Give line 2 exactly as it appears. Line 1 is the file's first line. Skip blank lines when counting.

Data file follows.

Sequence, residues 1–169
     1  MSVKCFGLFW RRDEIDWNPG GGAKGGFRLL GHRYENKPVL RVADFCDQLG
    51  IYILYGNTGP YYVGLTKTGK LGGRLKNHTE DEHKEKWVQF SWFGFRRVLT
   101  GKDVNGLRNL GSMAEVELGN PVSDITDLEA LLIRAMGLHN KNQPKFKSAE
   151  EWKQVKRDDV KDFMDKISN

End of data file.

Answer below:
     1  MSVKCFGLFW RRDEIDWNPG GGAKGGFRLL GHRYENKPVL RVADFCDQLG